Panthers, Red Devils own the mats
By DAVE ORNAUER | STARS AND STRIPES Published: February 3, 2018
YOKOSUKA NAVAL BASE, Japan – Kyle Easterwood was in big trouble; in fact, was almost pinned three times and trailed 14-9 late in the first period of his 135-pound bout against Matthew C. Perry’s Bryan Williams.
The Yokota senior said later that he had to do something – a victory by Williams would keep the Samurai within striking distance in Saturday’s Far East Wrestling Tournament’s Division II dual-meet final.
Somehow, Easterwood caught Williams in a head-and-arm hold, pinning his adversary in 2 minutes, 55 seconds. The win helped Yokota pull away for a 53-10 victory over Perry, and make some Far East history as well.
“Keep my head up and keep fighting,” Easterwood said. “My coach always says, when you give up the battle, you lose. The battle is not done until the last whistle sounds. It’s my senior year, my last match. I knew I had to win it for my team.”
The Panthers scored eight wins by pin en route to victory, setting a tournament record with their third straight D-II dual-meet title.
Coupled with host Nile C. Kinnick’s 30-28 comeback win over two-time defending champion St. Mary’s I in the Division I final, the Kanto Plain swept all four Far East banners. The Panthers and Red Devils had won the individual freestyle team titles on Friday.
“They are phenomenal,” first-year Panthers coach Kristina O’Grady said of her wrestlers, giving credit to an assistant coaching staff led by James Cunningham for the titles. “They work hard, they put forth the effort. And they have fun. They have a good time.”
Winning at Far East didn’t come easily for Easterwood, who finished sixth in his weight class and hadn’t beaten Williams throughout the DODEA-Japan campaign until Saturday. “It’s been a hard season,” he said. “Winning wasn’t going to be easy. He’s a tough competitor.”
Still, his teammates ensured the dual-meet final would be one-sided.
Caleb Heino (101), Chris DeGrella (108), Joey DeGrella (122), Ramil Celones (129), Gabriel Aragon (141), Austin Fisher (180) and Cameron Ewens (215) also scored pins for the Panthers.
Andrew Borrero (158) and Marshall China (heavyweight) provided the only answer for Perry with pinfall victories. Still, finishing second was much better than taking ninth place the year before for the Samurai.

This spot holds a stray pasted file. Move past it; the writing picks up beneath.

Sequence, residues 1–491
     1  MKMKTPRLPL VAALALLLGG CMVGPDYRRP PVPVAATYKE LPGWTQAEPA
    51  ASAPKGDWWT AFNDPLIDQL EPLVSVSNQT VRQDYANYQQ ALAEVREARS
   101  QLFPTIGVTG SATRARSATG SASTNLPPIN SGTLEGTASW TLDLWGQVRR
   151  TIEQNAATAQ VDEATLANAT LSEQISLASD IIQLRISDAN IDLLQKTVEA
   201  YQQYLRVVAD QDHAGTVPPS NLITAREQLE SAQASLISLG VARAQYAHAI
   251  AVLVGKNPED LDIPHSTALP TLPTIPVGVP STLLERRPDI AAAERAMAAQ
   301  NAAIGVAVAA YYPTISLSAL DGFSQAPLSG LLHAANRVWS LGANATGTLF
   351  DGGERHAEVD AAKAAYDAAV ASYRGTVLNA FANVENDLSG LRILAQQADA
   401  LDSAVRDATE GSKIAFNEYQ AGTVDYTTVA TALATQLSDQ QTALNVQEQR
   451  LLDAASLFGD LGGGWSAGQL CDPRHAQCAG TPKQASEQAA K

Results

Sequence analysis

“We’re on our way,” Perry coach Chris Munsell said.
While Yokota enjoyed a blowout victory, the Red Devils’ D-I final with the Titans proved to be nip-and-tuck from start to finish, coming down to the 215-pound bout, the next-to-last.
In a duel in which points seemed to come painfully slowly, Kinnick’s Chris Mason rallied from an early 2-0 deficit to edge St. Mary’s Nilay Hingarh to rally the Red Devils to within 28-25.
The Titans did not have a heavyweight, giving Kinnick’s Cameron Joley a win by walkover and the two-point victory. St. Mary’s had been going for a Far East first, winning one of the two team banners for five straight years.
“I just knew I had to win. They (teammates) told me I had to win. That’s all I wanted to do. Whatever it took,” said Mason, a junior nicknamed “Otou-san” by his teammates because he resembles a Japanese elder off the mat, with circular spectacles and drab clothing.
Hingarh seized a 2-0 lead halfway into the first period. But he then played it too cautiously, perhaps, costing himself two caution points and another for fleeing the mat, putting Mason ahead. With the home crowd cheering at fever pitch, Mason scored a late takedown to seal it.
“Everything depended on me, so I was a little nervous,” Mason said. Once the bout ended and the Kinnick faithful erupted in a Vesuvius of celebration, “It felt so amazing. I was so happy,” Mason said.
The championship meet featured five lead changes and several tide-turning bout victories.
Three-time Far East champion Lucas Wirth launched a comeback from a 15-3 deficit with a pin in 1:32 over his chief rival, St. Mary’s Rio Lemkuil, at 129 pounds. “It sort of just happened,” Wirth said. “I was kind of feeling it today.”
Kinnick rallied to lead 21-20 on 158-pounder Darius Swenson’s 19-1 technical-fall win over Ryo Sawa. St. Mary’s answered with Austin Koslow’s technical-fall win over Kameron Leon Guerrero at 168 pounds and Alex Patton’s 9-5 decision over Tyler Ryer at 180.
That gave St. Mary’s a 27-22 lead and set the stage for Mason’s late heroics. It was the first time Kinnick swept the individual freestyle and dual-meet banners since 2001, and is the first time coach Gary Wilson had accomplished the feat.
“It’s just crazy,” Wilson said. “Of course, it had to be against St. Mary’s. We’ve been on the other side the last two years. But to win both is … I’m speechless.”
“What a year,” Lucas said. “Nice way to go out, taking everything.”
Hunter Lane of Daegu was voted by the coaches the tournament’s Outstanding Wrestler for the second straight year. It’s only the second time it’s ever been done. Zolboo Enkhbayar of Brent International, Philippines, earned the honor in 2003-04. His father, Lodoin, wrestled for Mongolia in the 1988 and 1992 Summer Olympic Games. … With four D-II titles, Yokota is now second in the division behind Robert D. Edgren (9). The Panthers have six Far East banners overall, having won Division I titles in 1978 and 2003. … Kinnick now has 12 D-I banners, third overall behind Kubasaki (25) and St. Mary’s (16).